I taught Scripture Yoga by reciting Bible verses while we held the yoga poses. By the end of the first year of teaching, I memorized more than 150 verses and wrote them on index cards. At this point, I sorted the scripture cards into dozens of topics, and I taught classes based on a biblical theme.

After ten years of teaching Scripture Yoga, a Christian yoga instructor from out of town attended my class. Afterward, she expressed her appreciation of how I incorporated a faith-centered approach to my yoga class. For further explanation of a faith-centered versus faith-based approach read the article, Moving Beyond Faith-Based Fitness.

The visiting yoga instructor explained that she had been teaching yoga for years, but Christian yoga for only one year. During the past year, it had been challenging for her to create the faith portion of her classes. She was interested in how I incorporated Scripture into my yoga classes. It is valuable to do more than just play Christian music and recite one Bible verse—which would make a yoga class faith-based.

A BIBLE-BASED RESOURCE TO STRENGTHEN HEALTH AND IMPROVE SPIRITUAL WELLNESS

It was at this time I realized I should write a book with the faith-centered themes I had created for my Christian yoga classes. In 2016, I published Scripture Yoga: 21 Bible Lessons for Christian Yoga Classes, so other group fitness instructors or students could use it for their classes. Pilates, yoga, stretching, and meditation classes could benefit from these biblically themed topics.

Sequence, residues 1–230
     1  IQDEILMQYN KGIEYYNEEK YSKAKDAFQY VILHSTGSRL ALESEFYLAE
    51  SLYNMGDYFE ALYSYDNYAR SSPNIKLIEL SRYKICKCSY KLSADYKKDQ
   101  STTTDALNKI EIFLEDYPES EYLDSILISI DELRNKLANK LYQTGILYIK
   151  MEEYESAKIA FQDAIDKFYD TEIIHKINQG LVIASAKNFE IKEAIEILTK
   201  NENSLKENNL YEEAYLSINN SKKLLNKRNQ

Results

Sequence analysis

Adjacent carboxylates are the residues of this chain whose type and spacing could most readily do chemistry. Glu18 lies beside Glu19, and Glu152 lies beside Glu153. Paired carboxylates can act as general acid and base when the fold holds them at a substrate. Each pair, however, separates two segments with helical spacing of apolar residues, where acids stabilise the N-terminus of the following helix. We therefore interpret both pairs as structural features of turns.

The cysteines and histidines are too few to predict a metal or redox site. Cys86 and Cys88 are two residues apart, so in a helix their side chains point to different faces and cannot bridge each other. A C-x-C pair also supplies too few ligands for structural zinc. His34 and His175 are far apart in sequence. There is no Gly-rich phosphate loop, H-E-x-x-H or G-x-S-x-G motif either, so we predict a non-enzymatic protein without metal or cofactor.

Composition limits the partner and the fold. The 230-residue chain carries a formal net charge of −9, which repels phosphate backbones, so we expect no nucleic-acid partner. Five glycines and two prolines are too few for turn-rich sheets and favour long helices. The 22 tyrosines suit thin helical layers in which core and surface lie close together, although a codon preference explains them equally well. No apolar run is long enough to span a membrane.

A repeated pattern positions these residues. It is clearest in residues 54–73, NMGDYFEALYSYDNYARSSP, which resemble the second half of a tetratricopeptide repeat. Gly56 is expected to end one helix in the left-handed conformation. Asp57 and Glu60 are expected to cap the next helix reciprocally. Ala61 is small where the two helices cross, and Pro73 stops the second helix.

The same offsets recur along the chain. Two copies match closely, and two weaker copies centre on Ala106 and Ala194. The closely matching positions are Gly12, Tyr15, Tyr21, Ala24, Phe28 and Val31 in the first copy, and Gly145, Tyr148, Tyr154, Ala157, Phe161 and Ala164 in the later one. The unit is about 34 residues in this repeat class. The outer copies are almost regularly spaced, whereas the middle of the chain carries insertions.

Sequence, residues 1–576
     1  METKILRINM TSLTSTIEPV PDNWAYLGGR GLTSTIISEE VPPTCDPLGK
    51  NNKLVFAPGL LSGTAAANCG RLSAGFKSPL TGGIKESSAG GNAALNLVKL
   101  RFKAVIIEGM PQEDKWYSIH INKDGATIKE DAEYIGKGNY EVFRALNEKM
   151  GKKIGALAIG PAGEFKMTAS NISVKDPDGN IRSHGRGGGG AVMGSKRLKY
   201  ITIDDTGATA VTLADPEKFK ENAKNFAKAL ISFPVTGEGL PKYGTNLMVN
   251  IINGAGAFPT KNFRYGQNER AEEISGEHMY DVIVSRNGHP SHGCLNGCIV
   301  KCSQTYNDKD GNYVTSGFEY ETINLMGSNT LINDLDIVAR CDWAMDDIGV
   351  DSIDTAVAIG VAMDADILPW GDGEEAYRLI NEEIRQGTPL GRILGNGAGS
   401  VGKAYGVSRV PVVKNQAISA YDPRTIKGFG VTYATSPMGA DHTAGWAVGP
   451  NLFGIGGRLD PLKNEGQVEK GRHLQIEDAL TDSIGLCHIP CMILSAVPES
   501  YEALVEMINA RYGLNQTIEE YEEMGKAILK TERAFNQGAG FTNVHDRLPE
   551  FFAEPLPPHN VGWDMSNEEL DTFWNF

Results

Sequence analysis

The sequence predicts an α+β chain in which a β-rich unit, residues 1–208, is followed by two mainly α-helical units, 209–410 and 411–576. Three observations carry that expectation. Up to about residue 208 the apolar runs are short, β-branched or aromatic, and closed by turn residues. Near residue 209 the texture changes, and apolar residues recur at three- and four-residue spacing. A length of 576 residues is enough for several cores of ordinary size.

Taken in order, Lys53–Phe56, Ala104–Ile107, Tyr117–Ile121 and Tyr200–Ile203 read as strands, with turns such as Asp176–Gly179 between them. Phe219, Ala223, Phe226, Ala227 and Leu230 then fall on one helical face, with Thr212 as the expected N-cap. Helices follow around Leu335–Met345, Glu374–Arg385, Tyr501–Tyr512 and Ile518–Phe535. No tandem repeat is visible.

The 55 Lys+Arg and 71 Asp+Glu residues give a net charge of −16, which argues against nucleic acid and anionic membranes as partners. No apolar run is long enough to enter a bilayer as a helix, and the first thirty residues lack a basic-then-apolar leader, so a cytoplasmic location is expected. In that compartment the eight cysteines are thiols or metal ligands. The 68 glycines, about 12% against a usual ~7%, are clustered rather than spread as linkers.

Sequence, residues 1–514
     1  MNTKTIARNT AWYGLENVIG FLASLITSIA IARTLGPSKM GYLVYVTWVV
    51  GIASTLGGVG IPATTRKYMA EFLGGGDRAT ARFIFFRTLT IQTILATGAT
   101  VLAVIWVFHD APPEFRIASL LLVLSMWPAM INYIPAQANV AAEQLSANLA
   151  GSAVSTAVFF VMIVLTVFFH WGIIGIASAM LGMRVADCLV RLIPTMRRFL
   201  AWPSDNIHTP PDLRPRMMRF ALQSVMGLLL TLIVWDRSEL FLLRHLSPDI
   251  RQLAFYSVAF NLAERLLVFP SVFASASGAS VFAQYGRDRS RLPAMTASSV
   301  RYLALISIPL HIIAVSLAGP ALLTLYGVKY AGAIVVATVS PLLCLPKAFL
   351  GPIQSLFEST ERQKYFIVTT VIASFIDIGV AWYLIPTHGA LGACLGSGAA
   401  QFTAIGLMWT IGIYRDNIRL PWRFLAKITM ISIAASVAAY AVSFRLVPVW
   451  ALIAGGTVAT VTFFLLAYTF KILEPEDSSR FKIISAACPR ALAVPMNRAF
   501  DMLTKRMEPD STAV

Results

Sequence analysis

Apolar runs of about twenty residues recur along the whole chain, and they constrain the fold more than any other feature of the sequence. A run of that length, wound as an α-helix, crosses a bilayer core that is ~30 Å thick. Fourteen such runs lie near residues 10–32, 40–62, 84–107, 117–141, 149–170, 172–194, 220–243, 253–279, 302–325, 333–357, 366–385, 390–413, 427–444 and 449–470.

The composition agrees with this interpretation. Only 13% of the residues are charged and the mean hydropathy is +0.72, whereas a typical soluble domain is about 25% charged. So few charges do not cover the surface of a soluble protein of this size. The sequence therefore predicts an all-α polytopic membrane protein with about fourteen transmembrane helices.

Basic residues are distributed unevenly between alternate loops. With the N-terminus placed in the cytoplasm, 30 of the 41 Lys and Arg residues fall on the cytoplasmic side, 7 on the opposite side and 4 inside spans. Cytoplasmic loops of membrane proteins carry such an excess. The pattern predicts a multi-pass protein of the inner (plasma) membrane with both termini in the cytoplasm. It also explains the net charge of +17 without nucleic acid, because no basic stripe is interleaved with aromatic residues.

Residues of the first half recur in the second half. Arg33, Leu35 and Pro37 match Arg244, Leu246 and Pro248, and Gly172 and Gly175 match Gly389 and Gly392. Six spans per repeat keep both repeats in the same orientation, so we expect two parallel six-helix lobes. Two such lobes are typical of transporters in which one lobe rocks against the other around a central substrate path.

The Christian yoga instructor who visited my class wrote in her Scripture Yoga book review, “I found the gem of this book to be the 21 sample lessons. The author has done a beautiful job of compiling Scripture and organizing it according to themes such as: "The Great I AM," "Praying and Believing" and the "Lord's Festivals." Each chapter is like a mini Bible study, which I believe would be an asset for anyone, from those practicing or teaching Christian yoga, to someone who is looking for new inspiration for reading the Word of God.”

Scripture-based yoga seems all-around more effective in improving my physical, spiritual, and mental health than any other yoga class I have attended. -Pam Antoun

I researched Christian yoga information for my book, Scripture Yoga, and found seven Christian yoga training programs in the United States. These programs train and certify yoga instructors to teach Christian yoga. I incorporated their contact information into my book. These seven programs are located all over the US.

-Holy Yoga in Minnesota

-Living Waters Yoga in Michigan

-Lourdes Institute of Wholistic Studies in New Jersey

-New Day Yoga in Georgia

-The Living Well Centers in Arizona, Michigan, and Canada

-Yahweh Yoga in Arizona

-Yoga Faith in Washington

 

Scripture Yoga is not demonic but a “high-definition,” faith-centered yoga practice where attendees are bathed in the Word of God. It can be done as part of a complete plan to improve and maintain good health and wellness. God is not stupid; He knows whom we are worshipping. A chapter in the Scripture Yoga book titled, “Scrutiny of Yoga,” addresses concerns Christians may have about yoga. The Scripture Yoga ministry goal is for participants to [with faith chant Scripture,] listen to God’s Word, apply it to their lives, and learn about their Creator so they can become more like Him.

 


This article appears in the Health & Wellness department of the October/November 2017 issue of Faith & Fitness Magazine.

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About the Author

 
  • Susan Neal's picture
    Susan Neal RN, MBA, MHS published two books, Scripture Yoga (#1 Amazon best-selling yoga book) and Yoga for Beginners. She has also published Christian Yoga Card Decks and Christian Yoga DVDs all available on Amazon and at ChristianYoga.com. Susan is a speaker and enjoys teaching Scripture Yoga™ sessions at women’s retreats, Christian conferences, and yoga retreats. Contact Susan via her website for more information.